When I arrived in Thailand in the 1990s and told people I worked in psychology, I was often asked the same questions a fortune teller would be asked. Today, both knowledge and acceptance of psychology have evolved significantly. As a teacher, I greatly appreciate these advances and the increasing acceptance of psychology, yet there is still a lot of work to be done to improve mental health in the Kingdom.
The history of mental health in Thailand is rooted in traditional beliefs and the association of mental illness with supernatural forces, such as karmic repercussions for sins committed in past lives; thus, most treatments were reliant on Buddhism, and this reliance on supernatural explanations for those struggling with their mental health continues today. King Rama V established the first mental institution in 1889, and psychology was officially recognised in 1930. The first generation of Thai psychologists primarily worked with children. The first bachelor’s degree program in psychology with a clinical track was introduced at Chiang Mai University in 1964. In Bangkok, Mahidol University offered the first master’s degree program in clinical psychology in 1979.
Since then, psychology has experienced a boom. But, as with most growing industries, there are issues with growth management and conflicting groups vying for market share or access to government coffers. In this article, I would like to discuss some of the factors impeding the development of clinical psychology in Thailand today and offer some potential solutions for consideration.
Thailand’s mental health challenges
Let’s start with the idea of mental health. While some readers may recognise the prevalence of mental health issues, many societies still struggle with accepting the existence of mental illness and its impact on the afflicted. Mental health literacy, defined as knowledge and beliefs about mental disorders that aid in their recognition, management, and prevention, can help combat social and personal stigmas associated with psychology and increase treatment-seeking behaviour among the afflicted. Studies show that higher levels of mental health literacy correlate with lower rates of mental health stigmas, which are more prevalent in Asia. In Thailand, where a historically supernatural or spiritual approach has dominated mental health care, there is an increasing number of holistic healing centres accessible to the general public that do not carry the stigma associated with traditional psychotherapies. The acceptance of the supernatural also explains why Thais—older people in particular—prefer to see monks, fortune tellers, palm readers, face readers, tarot cards or birthday number analysis experts.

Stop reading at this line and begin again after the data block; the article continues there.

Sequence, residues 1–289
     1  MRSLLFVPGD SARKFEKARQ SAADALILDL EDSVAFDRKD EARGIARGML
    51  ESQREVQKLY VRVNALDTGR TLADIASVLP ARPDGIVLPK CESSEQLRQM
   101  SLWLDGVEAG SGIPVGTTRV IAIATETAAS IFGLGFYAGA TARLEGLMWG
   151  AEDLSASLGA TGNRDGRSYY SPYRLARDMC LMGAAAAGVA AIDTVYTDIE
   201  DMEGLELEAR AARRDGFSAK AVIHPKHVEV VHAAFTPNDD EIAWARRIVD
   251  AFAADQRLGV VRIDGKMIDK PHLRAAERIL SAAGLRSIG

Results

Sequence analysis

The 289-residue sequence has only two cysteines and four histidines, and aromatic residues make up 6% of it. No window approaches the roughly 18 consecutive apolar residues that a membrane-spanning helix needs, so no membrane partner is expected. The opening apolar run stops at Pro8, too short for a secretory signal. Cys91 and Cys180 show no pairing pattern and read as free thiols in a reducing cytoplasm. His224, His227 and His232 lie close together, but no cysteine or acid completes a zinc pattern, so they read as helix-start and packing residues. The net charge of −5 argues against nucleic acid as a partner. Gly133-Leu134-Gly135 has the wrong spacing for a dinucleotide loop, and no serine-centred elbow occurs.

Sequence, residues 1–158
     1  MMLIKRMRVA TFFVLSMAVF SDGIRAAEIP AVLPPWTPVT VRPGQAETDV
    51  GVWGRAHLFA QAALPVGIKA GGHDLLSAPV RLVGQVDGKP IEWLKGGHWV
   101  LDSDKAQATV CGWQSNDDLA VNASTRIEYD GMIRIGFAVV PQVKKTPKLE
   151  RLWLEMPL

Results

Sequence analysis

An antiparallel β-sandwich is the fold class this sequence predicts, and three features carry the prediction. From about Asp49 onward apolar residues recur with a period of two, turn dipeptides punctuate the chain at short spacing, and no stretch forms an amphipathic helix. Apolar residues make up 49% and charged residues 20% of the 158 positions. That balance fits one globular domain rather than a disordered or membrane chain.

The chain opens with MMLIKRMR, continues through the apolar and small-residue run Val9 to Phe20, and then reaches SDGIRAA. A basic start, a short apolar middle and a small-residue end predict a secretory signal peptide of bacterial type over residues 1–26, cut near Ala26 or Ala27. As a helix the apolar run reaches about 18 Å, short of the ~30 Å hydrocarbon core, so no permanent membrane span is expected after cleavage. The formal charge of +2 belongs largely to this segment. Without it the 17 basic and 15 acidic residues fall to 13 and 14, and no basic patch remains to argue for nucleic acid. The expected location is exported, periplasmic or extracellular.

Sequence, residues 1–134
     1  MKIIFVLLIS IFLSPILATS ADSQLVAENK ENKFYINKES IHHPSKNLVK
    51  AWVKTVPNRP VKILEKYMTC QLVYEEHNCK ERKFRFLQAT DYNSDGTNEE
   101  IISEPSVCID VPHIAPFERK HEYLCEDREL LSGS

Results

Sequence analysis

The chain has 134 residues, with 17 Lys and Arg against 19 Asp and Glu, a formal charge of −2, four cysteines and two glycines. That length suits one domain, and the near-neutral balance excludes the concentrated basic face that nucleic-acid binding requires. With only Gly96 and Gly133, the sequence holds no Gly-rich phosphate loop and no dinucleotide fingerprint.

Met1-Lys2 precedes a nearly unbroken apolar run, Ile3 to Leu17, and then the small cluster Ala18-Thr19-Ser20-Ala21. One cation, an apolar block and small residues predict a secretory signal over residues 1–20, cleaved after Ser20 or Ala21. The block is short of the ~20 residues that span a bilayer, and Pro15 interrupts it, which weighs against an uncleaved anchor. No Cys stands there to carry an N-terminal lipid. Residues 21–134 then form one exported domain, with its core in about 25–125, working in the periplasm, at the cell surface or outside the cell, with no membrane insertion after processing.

Efforts to increase mental health literacy have been made, yet challenges remain. These challenges include the aforementioned cultural stigmas, a historical preference for spiritual or supernatural remedies, misconceptions about mental illness, and limited access to mental healthcare resources for the elderly. Therefore, there is a need for more significant investment in education as well as clear and accessible clinical licensing procedures. Reforming the licensing process should also involve the inclusion of mental health treatment in the state universal healthcare system. By doing so, Thailand will be better positioned to ensure access to therapeutic intervention for those in need.
A look at the numbers
The COVID-19 pandemic has clearly exacerbated mental health concerns. The number of people in Thailand suffering from mental health-related problems rose from 1.3 million in 2015 to 2.3 million in 2021. Unsurprisingly, the number of suicides is also increasing. A multi-country survey conducted during the height of the pandemic indicated that 21% of Thai respondents reported mild to extreme depression, 22% reported significant anxiety, and 15% reported stress-related issues. Other disorders, such as alcoholism and psychoactive substance abuse, are also rising. It is important to note that stress, anxiety, and depression are common psychological reactions to the COVID-19 outbreak, and the prevalence of such distress should decrease as Thailand slowly normalises. However, the pandemic notwithstanding, the trend over the last 20 years is evident and the growing prevalence of psychological disorders is alarming.